The problem, for both the Chinese and the Nixon administration, was how to signal the other that it was ready to deal. No country, seeking rapprochement with an enemy, wants to risk losing face with a direct approach that is rebuffed. So diplomacy is often a matter of nuance and even tea-leaf reading. A slight modification of vocabulary, the disappearance of a standard minor demand, or an unexpected greeting at an event on neutral ground, can mean a change in attitude that can be welcomed or ignored. Both sides began signaling, but both sides missed or ignored the other’s signals.
For instance, in 1970, at an event celebrating the Chinese National Day, Chairman Mao had alluded to the American — but very pro-Chinese — journalist Edgar Snow that better relations between China and America might be possible. But Nixon, who regarded Snow as a Communist turncoat, didn’t trust him.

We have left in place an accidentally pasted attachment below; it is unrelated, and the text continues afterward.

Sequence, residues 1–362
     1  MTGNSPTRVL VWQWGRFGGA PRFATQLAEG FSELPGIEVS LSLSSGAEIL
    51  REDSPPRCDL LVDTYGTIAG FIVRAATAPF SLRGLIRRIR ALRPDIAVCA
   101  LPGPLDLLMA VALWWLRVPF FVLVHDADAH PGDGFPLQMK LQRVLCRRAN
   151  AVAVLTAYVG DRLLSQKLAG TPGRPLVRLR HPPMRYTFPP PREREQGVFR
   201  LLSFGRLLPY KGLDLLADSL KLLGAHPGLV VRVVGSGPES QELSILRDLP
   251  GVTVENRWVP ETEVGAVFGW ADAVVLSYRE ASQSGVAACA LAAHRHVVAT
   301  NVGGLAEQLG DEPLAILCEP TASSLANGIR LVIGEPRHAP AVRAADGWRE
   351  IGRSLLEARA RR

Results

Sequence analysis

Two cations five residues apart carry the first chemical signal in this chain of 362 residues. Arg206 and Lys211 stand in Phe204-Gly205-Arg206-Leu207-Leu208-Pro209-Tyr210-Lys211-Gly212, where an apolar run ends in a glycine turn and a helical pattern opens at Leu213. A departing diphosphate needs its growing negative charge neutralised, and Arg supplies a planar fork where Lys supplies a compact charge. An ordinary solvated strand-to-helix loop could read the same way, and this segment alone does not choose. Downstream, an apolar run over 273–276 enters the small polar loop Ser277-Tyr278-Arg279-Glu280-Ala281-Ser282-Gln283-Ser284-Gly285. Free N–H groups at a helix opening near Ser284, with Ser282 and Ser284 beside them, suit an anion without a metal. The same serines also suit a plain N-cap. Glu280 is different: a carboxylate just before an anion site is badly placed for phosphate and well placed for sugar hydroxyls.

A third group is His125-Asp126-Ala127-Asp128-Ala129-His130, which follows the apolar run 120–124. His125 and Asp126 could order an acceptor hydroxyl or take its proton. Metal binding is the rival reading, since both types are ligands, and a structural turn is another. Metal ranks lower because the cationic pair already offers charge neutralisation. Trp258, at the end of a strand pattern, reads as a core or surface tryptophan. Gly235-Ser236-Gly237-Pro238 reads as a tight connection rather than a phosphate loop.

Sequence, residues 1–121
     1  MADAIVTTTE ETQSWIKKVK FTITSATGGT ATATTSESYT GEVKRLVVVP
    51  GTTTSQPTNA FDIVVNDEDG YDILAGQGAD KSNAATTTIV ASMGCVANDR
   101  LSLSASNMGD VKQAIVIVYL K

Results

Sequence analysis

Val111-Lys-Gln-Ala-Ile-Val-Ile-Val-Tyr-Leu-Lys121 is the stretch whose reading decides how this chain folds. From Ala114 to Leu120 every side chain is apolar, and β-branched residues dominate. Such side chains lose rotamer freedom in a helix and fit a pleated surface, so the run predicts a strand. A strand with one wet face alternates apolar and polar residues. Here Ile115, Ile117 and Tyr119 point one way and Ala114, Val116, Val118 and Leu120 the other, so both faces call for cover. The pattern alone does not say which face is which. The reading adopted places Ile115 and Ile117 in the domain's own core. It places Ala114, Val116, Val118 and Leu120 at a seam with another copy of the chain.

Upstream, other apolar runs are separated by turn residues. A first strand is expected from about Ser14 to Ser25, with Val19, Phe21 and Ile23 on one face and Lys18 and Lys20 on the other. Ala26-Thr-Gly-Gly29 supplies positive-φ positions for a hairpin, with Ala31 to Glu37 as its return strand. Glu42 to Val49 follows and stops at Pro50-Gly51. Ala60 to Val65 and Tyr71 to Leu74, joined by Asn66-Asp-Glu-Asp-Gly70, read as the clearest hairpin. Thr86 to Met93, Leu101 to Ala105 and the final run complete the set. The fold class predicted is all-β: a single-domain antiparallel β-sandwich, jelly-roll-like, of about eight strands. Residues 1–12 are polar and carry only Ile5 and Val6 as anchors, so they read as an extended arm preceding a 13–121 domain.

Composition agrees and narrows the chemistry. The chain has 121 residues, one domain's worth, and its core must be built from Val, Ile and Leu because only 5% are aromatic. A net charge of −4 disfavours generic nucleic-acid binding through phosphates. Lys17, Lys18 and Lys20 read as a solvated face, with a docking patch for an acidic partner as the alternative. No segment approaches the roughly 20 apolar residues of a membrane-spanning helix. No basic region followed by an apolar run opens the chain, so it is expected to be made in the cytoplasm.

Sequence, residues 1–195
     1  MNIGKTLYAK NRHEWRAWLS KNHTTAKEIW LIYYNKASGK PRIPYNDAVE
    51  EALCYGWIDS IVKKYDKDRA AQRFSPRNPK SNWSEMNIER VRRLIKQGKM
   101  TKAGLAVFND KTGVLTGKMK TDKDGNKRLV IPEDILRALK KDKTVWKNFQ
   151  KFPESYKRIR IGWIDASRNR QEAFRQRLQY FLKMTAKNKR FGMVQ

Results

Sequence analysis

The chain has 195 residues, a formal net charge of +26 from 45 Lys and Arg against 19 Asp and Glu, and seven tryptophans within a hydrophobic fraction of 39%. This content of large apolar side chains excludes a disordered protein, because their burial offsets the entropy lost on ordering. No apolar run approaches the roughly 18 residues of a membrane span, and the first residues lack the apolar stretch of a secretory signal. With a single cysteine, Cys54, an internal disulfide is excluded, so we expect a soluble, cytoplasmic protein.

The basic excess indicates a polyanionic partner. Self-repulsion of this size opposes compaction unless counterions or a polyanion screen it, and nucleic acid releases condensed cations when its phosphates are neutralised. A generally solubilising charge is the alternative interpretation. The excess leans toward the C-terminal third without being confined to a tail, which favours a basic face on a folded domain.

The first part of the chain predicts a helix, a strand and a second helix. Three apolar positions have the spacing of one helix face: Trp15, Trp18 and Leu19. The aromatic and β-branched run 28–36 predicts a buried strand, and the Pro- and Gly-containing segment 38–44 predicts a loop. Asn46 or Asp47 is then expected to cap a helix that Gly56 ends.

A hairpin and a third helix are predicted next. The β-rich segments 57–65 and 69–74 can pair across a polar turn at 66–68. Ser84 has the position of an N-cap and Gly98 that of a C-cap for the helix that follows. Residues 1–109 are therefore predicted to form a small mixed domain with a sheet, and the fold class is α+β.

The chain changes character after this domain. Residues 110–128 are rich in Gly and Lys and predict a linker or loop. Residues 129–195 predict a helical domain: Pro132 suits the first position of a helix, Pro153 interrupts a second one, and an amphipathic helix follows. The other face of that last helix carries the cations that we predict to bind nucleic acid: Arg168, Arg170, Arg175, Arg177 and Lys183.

Then, the following year, an American ping-pong player named Glenn Cowan missed his team bus after a practice at the 31st International Table Tennis championships in Nagoya, Japan. He had been practicing with a Chinese player, who invited him to come on the Chinese bus. There he met the three-time world champion Zhuang Zedong, who gave him a silk screen. Cowan had nothing to give him in return (he later gave him a T-shirt with a red, white, and blue peace symbol on it).
When they got off the bus, both Western and Chinese journalists and photographers were there, and even so accidental a mingling of Chinese and American athletes was, at that time, definitely news. A journalist asked Cowan if he would like to visit China. “Of course,” he replied.